Waterparks and Spraygrounds Designed to Catch the Eyes
“They’re very popular,” said Jim Ortiz, office manager for the 198-site park — so popular, in fact, that the water toys generate day use business from people who live in the surrounding area.
CRS President Ron Romens said interest in water toys is catching on in campgrounds as they take steps to cultivate a new wave of campers. “The last two years we’ve had a really large increase in new customers that haven’t used this type of recreation before,” he said, adding that demand for water features is coming from family-oriented campgrounds. We’re seeing demand from large campgrounds, 400 sites and up, and from campgrounds that have 100 sites and under.”
Prices range from as little as $1,000 for a 20 foot by 6 foot watermat, which can be anchored in shallow or deep water and used as a floating carpet on which people can walk, dance or simply hang.
Another popular item, the Summit Express, is a floating climbing structure that’s 16 feet tall and 25 feet, 6-inches long. “It has a terraced climbing wall and a zero entry slide into the water,” said Romens. “And on the inside it has a bounce house and a jungle gym.” It retails for about $7,500.
“Dollar for dollar,” Romens added, “I think it gives you the biggest bang for the buck. You get immediate impact from a marketing standpoint. They’re not near as much maintenance as what a swimming pool or waterpark would be.”
Romens added that individual components can be purchased and hooked together to create play zones. “For about $10,000, you could create a nice combination of events,” he said.
Some parks, including Lake of Dreams Campground, charge a wristband fee to those who use the toys, which makes these toys revenue generators as well.
Of course, floating water toys aren’t the only water attraction gaining attention in America’s private parks. Many parks are also investing in spraygrounds, which are appealing particularly to young children.
Mark Williams, CEO of Ashland, Ohio-based Rain Drop Products LLC, said cities were the first to embrace the sprayground concept because they saw it as a way to provide children with a way to cool off without the cost, maintenance or liability risks associated with a swimming pool.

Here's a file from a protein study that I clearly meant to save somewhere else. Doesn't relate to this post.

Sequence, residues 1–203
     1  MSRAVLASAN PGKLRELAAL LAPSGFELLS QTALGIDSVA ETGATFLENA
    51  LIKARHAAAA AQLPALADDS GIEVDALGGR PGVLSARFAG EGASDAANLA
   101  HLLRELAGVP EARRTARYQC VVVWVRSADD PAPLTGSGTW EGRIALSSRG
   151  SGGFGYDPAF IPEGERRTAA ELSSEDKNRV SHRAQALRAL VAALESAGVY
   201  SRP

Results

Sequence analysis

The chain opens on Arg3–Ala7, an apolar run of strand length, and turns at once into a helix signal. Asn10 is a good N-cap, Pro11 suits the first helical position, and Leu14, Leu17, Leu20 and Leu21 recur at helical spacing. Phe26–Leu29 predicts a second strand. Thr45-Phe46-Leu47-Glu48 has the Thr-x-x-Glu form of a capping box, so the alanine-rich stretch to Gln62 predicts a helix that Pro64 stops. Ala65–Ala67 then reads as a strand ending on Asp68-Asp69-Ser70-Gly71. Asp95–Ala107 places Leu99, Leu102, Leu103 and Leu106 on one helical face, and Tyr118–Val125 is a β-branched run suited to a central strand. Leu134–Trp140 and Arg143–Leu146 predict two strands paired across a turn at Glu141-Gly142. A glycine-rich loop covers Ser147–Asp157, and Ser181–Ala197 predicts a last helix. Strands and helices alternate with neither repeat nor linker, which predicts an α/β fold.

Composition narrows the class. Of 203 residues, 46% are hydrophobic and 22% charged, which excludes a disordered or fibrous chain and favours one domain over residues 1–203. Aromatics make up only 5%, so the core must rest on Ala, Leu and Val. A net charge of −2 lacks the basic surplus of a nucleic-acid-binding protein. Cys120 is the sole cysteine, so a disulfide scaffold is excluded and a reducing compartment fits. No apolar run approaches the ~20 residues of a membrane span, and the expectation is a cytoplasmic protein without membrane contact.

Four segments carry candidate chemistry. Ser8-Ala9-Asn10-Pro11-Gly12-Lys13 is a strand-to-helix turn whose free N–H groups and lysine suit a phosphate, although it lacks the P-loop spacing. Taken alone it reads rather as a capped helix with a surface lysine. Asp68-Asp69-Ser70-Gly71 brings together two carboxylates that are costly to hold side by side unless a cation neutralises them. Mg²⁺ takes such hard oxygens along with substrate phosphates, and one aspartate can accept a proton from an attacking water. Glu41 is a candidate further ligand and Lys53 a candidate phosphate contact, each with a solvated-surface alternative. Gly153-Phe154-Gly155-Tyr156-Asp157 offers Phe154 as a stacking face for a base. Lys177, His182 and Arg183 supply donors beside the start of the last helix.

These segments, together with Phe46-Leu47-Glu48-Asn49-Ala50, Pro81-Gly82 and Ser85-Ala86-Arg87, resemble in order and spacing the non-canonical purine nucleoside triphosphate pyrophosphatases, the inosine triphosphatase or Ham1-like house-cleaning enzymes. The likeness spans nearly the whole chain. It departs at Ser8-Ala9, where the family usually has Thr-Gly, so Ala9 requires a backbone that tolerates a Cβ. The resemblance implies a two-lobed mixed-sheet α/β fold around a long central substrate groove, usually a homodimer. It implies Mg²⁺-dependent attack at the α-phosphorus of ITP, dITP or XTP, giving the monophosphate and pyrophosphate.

“The pools are getting older (in many cities across the country),” he said. “They’re cracking and leaking, and when you compare the upfront investment of a pool versus putting in a sprayground, the value is there.”
While Williams concedes that spraygrounds do not necessarily appeal to teenagers, they have strong appeal for younger children, from toddlers through tweens, and they provide a safe environment for them to play.
Rain Drop itself provides water spray devices that range from toddler area attractions with very low, flow benign types of features to “tween sets” that include tumble buckets and interactive cannons.
Williams added that while the sprayground concept was initially embraced by cities, campgrounds and the hotel industry are also showing increased interest in the product.
“It’s a neat little business and it’s taking off in many markets,” he said, adding that campgrounds typically invest in spraygrounds to differentiate themselves from their competitors.
“There’s even a sustainability play,” he said, adding that today’s spraygrounds are now being equipped with sensors, similar to motion detectors, that turn the devices on and off as children enter and leave the sprayground area. “If only one child is at the sprayground, only one feature will turn on at a time,” he said.
Prices for individual sprayground features vary widely, depending on how many water attractions the campground would like to install.